Another Lego racing game was released in 2000, and was developed by Graphic State Games. Lego Stunt Rally featured a track builder and new power-ups. The track builder can be used to build tracks for both single player and multiplayer games. One aspect of the game that was dramatically different from other Lego racing games is the fact that steering is completely controlled by the computer. Acceleration, braking, and lane changing are the only aspects the player is in control of, completely changing the way the game is played.
The fourth Lego racing game drastically changed settings and themes from the first two games. Drome Racers was released for the PC, GameCube, Game Boy Advance, PlayStation 2, and Xbox on November 20, 2002. The game was not incredibly well received, garnering mediocre reception across all platforms. Based off of the 2002 "Team Nitro" Lego sets, Drome Racers sets Lego racing in the year 2015. The player is put in the role of Max Axel, a Lego racer who must win the Drome Championship.
The Bionicle Lego sets has spawned numerous Bionicle video games, based off of the many films and toys. The first few games, Lego Bionicle (which unofficially carries the subtitle "Tales of the Tohunga" to differentiate it from other games and the main toy line) and Bionicle: Matoran Adventures were released on the Game Boy Advance and Game Boy Color respectively. These games are both action-adventure games starring a variety of the Toa (the main characters in Bionicle).
The third game, Bionicle, was released in 2003, and was developed by Argonaut Games. Bionicle was based off of the movie Bionicle: Mask of Light, and essentially follows the same plot (along with parts other parts of the Bionicle storyline). An action-adventure game, Bionicle puts the player in control of one of the Toa, fighting against their enemy, Makuta.
Released in 2005, Bionicle: Maze of Shadows was the third handheld game, and the fourth Bionicle game released in the franchise as a whole. Maze of Shadows was released for the Game Boy Advance, and stars a Toa named "Metru," who fights a variety of enemies to unlock special abilities and eventually heal another injured Toa. This game is notable for being one of the few canon handheld games in the franchise.
Bionicle Heroes, the final game released in the Bionicle franchise, was released on November 14, 2006 for a wide variety of platforms. Taking control of an anonymous hero, the player must stop Piraka. Piraka has transformed all of the creatures on the Bionicle homeworld of Voya Nui into monsters. The hero must fight these creatures, collecting Lego pieces and eventually defeating Piraka. Most of the console versions of Bionicle Heroes were action-adventure games, while the Nintendo DS version switched formats to a first person action game.
Lego City Undercover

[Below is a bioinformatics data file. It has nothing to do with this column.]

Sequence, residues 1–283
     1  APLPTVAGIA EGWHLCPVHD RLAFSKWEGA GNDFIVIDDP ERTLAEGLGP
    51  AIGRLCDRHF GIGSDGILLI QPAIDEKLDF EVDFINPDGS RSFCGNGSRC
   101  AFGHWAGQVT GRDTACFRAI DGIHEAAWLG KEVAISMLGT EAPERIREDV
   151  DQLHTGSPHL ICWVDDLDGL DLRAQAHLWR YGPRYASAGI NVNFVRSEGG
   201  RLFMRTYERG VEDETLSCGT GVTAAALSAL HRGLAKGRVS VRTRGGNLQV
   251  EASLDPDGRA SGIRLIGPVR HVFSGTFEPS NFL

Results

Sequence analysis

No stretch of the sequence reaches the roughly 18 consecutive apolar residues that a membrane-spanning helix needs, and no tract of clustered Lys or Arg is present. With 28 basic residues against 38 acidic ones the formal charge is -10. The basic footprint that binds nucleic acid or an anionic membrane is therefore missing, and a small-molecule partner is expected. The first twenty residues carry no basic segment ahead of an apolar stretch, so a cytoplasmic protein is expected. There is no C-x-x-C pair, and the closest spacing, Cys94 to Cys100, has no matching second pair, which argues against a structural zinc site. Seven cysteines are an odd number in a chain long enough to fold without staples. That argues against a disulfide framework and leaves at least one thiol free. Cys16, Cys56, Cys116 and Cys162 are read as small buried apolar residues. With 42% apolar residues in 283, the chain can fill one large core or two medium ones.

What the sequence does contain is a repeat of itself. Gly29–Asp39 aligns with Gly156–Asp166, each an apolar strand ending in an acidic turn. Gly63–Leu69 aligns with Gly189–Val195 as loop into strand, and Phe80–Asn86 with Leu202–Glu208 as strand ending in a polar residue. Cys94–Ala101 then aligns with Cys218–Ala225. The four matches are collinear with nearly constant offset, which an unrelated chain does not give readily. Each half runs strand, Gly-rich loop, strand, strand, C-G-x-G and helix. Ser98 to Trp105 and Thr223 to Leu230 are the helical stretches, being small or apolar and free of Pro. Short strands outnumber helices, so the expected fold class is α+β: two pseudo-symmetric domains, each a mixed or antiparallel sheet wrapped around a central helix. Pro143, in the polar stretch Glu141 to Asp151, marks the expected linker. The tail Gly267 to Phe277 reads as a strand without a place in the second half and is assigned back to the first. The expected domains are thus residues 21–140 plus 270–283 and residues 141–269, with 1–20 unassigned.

Lego City Undercover was initially exclusive to Nintendo, this open world series is set within the Lego City playsets and released as Lego City Undercover on the Wii U in March 2013, and Lego City Undercover: The Chase Begins on the Nintendo 3DS. Lego City Undercover later released on Nintendo Switch, Xbox One and Playstation 4 in March 2017.
The "Lego Popular Franchise" Franchise
Since 2005, some of the most popular Lego games haven't really been Lego games at all. Instead, they've been the result of taking pop culture franchises that are totally unrelated to the brand, and presenting them to the world through the medium of Lego.
Lego Star Wars: The Video Game debuted on March 29, 2005, and quickly became one of the most well-known and well-received Lego games to date. Selling over 6.7 million copies worldwide, Lego Star Wars was developed by Traveller's Tales and published by LucasArts. The game is a third-person action-adventure game that puts players in control of a variety of Lego figures based on the Star Wars franchise. Players go through several levels based on the first three movies (Episode I, II, and III), fighting enemies and solving puzzles (gameplay that has now become standard to modern Lego games).
Lego Star Wars II: The Original Trilogy takes the next three movies ( Star Wars, The Empire Strikes Back, and Return of the Jedi) and offers a variety of missions based on the plots of the films. The game was released on September 11, 2006, for numerous platforms. The gameplay stays the same, putting players in control of one of many Lego mini-figures. The game is one of the highest aggregate scoring games in the franchise, receiving an average of 81% (Metacritic) on Xbox 360 and 84% (Metacritic) on the PlayStation 2.
In addition to these two releases, the games were combined in 2007's Lego Star Wars: The Complete Saga. Yet another sequel in the franchise, Lego Star Wars III: The Clone Wars, was released on March 22, 2011.